60 Minutes just aired a piece on the M Pesa mobile payment service in Kenya, Africa. Safaricom administers the money transferring service that allows users to pay for goods and services, without cash, by texting. While the service exists in other places in the developing world, Kenya is the success story.
The reach and the business model are breathtaking and inspiring. Kiosks that exchange money for an M Pesa balance are ubiquitous, often appearing in or next to other high-traffic businesses. 19 million people, or 90% of the adults, use it, although more transactions still take place in cash.
The service was developed in England, but the thinking it has inspired in Kenya has given rise to the nickname, the “Silicon Savannah.”
The service uses PIN protection and can cover bills and taxes, salary deposits, and loans, with less interest because of the significantly reduced overhead.
The real story is what this user-friendly microfinancing has done to increase the standard of living for the poor, especially in rural areas. It means access to personal services and self business development that were before, out of reach.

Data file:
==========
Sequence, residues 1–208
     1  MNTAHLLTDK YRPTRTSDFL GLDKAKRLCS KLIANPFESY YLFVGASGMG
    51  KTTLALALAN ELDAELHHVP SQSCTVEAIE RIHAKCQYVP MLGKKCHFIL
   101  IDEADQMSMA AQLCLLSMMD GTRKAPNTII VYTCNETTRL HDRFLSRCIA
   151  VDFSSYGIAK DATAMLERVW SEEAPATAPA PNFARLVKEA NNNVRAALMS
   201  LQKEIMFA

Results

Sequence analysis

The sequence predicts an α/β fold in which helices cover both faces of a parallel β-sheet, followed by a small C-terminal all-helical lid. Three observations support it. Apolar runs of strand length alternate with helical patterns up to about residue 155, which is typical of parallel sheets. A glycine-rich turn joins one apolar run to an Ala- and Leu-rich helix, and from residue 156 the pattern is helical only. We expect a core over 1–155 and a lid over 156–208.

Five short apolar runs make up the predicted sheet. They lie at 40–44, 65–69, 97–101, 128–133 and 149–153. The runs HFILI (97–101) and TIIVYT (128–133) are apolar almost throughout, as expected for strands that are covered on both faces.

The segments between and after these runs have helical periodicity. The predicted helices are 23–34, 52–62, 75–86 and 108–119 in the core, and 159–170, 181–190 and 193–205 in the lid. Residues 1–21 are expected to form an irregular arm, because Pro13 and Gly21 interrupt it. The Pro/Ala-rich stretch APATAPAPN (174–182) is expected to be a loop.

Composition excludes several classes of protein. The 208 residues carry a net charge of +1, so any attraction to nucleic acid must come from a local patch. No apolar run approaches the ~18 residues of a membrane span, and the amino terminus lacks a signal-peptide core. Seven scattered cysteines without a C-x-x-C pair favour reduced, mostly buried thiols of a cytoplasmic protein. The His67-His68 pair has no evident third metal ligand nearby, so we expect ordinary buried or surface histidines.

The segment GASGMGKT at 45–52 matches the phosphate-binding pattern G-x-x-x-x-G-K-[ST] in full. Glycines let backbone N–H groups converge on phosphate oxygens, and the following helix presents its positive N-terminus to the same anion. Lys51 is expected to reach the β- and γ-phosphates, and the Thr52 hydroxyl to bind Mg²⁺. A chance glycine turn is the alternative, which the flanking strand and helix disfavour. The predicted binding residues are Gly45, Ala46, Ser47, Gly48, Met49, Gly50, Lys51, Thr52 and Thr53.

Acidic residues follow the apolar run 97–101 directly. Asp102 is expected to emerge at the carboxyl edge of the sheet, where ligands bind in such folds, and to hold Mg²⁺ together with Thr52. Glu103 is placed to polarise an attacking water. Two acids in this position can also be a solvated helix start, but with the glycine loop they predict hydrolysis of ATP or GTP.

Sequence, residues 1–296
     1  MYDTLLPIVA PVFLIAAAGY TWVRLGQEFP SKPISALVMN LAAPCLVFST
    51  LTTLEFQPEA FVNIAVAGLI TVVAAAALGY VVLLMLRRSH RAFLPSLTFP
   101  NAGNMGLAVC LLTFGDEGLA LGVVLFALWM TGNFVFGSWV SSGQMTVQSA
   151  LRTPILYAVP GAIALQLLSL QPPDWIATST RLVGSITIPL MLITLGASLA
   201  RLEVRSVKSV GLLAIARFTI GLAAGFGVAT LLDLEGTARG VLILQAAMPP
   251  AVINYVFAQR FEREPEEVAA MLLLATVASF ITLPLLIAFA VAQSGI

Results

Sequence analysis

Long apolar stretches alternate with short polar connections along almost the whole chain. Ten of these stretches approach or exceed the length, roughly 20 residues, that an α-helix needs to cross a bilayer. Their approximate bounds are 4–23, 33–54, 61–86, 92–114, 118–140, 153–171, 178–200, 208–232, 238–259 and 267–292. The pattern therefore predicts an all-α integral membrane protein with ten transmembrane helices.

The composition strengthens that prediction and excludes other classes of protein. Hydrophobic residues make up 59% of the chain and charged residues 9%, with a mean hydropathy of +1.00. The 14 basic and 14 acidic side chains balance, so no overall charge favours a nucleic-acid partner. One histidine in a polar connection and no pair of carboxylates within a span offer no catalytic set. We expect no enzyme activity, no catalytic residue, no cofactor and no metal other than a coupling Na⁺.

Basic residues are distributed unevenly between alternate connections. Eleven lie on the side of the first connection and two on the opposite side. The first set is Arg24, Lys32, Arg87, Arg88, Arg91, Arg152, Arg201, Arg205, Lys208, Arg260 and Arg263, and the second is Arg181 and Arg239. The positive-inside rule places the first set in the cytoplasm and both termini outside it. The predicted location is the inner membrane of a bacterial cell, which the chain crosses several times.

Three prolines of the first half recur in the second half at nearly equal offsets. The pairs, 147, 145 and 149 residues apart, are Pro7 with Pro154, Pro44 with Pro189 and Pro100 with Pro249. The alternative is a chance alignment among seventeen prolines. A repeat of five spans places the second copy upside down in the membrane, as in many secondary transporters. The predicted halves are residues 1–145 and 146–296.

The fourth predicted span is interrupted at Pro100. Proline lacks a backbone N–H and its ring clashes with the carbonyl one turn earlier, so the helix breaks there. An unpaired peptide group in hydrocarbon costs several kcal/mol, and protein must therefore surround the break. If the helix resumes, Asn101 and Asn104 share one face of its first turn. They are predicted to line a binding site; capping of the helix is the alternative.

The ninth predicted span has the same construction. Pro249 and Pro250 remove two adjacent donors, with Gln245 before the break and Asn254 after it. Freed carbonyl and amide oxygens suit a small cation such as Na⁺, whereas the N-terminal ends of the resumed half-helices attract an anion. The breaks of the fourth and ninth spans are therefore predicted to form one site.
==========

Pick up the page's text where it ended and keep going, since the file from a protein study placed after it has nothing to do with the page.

So, what does this mean for us in the US? Disruptive technologies like Uber face barriers from the existing taxi service, and the banking lobby is obviously opposed to M Pesa. So it seems that the absence of a strong, existing supplier of a service is a boon, but it is harder to come by such holes of unmet need in the developed world. But if and when you do, the spoils will be yours for the taking: MPesa generates $250,000,000 a year in service transactions in Kenya alone, proving the old saw that it is easier to sell a million items for a dollar, than one item for a million dollars.